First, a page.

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Foreign Investors Return to P. Penh

Foreign Investors Return to P. Penh

Foreign investors and businessmen, scared off by the political turbulence that surrounded

last month's election, have began streaming back into Cambodia following an agreement

on June 18 among the political parties to form a joint interim administration.

"This is what everybody was waiting for. As Prince Sihanouk said, the Gordian

knot has been cut," said Georges Loubeyre, manager of Banque Indosuez in Phnom

Penh.

The alliance eased four weeks of uncertainty over the future of the country.

Soon after the first election results showed FUNCINPEC leading, CPP officials began

balking at surrendering power, and a short-lived secessionist movement threatened

to plunge the war-shattered country into renewed conflict.

But the coalition agreement will see the bitter rivals guide the country for the

next three months as a newly-elected constituent assembly formulates a constitution

and the powerful national army is restructured.

In the 24 hours after the announcement of the coalition, the riel doubled in value

against the U.S. dollar, rising from 4,800 to 2,400 before stabilizing at around

2,700 in the following days.

"People are beginning to open letters of credit again, and people are returning

from overseas. It is not a gallop but I'd say people have decided to come and get

on with life," said John Janes, manager of the Standard Chartered Bank office

in Phnom Penh.

Gopi Bala, Phnom Penh manager of Silk Air said incoming flights in the five days

after the announcement had been heavily booked, mostly by businessmen from Singapore

and Malaysia.

"We're expecting business to pick up, probably two to three months from now,"

said Paul Johnson, sales manager of trading firm R.M. Asia.

"As the elections approuched more and more of the business was strictly non-governmental

agencies which have always been steady. Now we are seeing the private companies coming

back," he said.

Before the elections many foreign investors had privately expressed the hope that

the CPP would win a strong majority in the U.N.-organized election because of fears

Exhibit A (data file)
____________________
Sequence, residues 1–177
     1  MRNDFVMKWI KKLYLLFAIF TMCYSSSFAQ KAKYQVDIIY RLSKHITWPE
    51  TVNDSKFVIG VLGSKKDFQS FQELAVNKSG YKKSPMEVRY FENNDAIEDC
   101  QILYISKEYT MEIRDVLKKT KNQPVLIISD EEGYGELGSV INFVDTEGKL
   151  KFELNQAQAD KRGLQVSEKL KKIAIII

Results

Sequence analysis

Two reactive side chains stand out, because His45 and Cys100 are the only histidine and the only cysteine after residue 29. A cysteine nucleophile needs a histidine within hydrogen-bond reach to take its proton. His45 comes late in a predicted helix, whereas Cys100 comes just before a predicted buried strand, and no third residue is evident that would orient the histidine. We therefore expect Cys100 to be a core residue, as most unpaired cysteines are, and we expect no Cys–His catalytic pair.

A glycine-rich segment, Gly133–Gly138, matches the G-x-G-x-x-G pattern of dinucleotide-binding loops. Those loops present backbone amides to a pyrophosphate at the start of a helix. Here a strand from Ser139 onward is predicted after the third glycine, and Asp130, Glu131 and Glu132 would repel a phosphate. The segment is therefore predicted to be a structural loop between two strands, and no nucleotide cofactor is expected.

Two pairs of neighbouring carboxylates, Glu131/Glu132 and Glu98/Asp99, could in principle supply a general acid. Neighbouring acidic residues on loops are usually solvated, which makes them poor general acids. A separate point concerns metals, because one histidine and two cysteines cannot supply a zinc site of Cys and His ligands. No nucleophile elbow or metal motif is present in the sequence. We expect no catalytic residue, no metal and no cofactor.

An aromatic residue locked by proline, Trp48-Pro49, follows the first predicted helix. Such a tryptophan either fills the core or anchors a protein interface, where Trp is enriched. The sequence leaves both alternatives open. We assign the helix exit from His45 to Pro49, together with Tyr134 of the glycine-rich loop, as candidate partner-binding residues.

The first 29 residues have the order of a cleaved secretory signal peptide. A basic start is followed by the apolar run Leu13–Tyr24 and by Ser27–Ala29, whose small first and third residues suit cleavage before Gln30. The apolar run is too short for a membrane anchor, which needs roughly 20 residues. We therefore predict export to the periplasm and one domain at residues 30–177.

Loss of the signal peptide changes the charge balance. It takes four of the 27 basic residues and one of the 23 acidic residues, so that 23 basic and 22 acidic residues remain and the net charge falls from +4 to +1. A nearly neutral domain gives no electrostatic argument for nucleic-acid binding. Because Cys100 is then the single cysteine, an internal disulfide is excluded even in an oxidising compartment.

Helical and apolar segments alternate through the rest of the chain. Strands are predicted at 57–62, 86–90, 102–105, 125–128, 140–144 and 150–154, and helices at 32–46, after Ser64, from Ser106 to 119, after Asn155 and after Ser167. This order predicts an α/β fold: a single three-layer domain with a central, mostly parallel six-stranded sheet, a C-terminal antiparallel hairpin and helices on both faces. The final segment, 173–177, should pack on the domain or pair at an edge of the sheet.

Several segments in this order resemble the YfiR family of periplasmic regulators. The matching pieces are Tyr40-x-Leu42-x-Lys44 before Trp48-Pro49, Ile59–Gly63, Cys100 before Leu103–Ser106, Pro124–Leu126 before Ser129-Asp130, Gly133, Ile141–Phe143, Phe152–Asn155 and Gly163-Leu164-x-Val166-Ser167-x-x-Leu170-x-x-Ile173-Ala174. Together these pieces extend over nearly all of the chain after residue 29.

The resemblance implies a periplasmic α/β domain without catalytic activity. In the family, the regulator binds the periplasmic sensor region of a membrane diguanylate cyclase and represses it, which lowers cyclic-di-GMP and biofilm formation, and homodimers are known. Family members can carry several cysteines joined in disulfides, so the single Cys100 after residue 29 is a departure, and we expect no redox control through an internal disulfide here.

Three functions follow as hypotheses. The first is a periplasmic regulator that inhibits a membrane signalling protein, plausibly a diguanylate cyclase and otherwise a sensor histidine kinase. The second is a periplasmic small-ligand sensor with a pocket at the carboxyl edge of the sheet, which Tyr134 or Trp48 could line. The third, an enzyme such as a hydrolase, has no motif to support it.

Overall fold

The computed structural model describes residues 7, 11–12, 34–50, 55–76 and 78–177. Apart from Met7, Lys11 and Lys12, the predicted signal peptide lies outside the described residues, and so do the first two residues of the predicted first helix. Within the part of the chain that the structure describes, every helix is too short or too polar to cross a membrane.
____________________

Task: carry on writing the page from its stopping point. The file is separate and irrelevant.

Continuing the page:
the former Phnom Penh-based administration would rather go to war than surrender

power.

There were also suspicions about the economic direction of FUNCINPEC.

FUNCINPEC, which will control the Finance Ministry, has yet to elaborate its economic

policy although is has pledged to a follow basic liberal market principles and honor

contracts signed with any of the four factions.

''Before the election people were very concerned about the prospect of FUNCINPEC

winning because they were being very enclosed about their future policies on foreign

investment," said Jules Thomas manager of investment consultancy firm IMIC.

"As it turns out the situation we have at the moment could well prove to be

the stable starting point which is critical if the country is going to pick itself

up," he said.

The FUNICINPEC-led coalition will inherit a bankrupt administration to run and the

three-month interim period promises to be a troublesome one for the new government

and businessmen. Large parts of Phnom Penh have been blacked out for the last two

weeks because of lack of fuel to run the city's aged generators. Civil servants who

have not been paid for months are abandoning their offices, making it difficult for

businessmen to obtain licenses or conduct any form of official business.

Diplomats meeting in Phnom Penh last week agreed that $30 million in foreign aid

would be needed to prop up the interim government but have yet to come to a formula

on how to share the costs.

A larger financial aid package of $880 million was pledged by the international community

at a conference in Tokyo last year but the bulk of it is not expected to be released

until a legitimate government is installed in three months.

The United States has also threatened to withhold any aid to the new government should

it include the Maoist Khmer Rouge faction, who were allied with FUNCINPEC in their

13-year long war aginst the State of Cambodia administration.

Cambodia's war-ravaged economy represents a minefield for investors. The country's

infrastructure is woefully inadequate, there is a lack of skilled labor and banditry

is widespread. Corruption is rampant at all levels of government although businessmen

are hopeful it will improve under a Funcinpec-led administration.

"They came to power with a mandate that said they would re-evaluate anything

which they consider to have been corruption in the past and I hope they stick to

it," IMIC's Thomas said.

But foreign aid officials who have worked with FUNCINPEC officials said they expect

little improvement .

"If their record in their zones or refugee camps is anything to go by, FUNCINPEC

won't be any better than SOC," said one UN official who asked not to be identified.

Most of the large international trading companies which have a presence in Cambodia

maintain only representative offices.

The executive of one large European trading firm said his company, which employs

19 local staff, could still pull out within 12 hours if the situation deteriorated.

Despite the problems businessmen remain confident.

Janes said he has gone from being cautiously confident to simply confident as more

and more big investors return to do business.

"The big thing will be what kind of constitution they form. Businessmen like

to know what the rules are," he said.

Johnson said a lot of the mystification that surrounds doing business in Cambodia

was unwarranted.

"People say it is unpredictable but I think if you look closely, the business

climate has always been predictable. We always thought that there would be some kind

of peace in Cambodia," he said.

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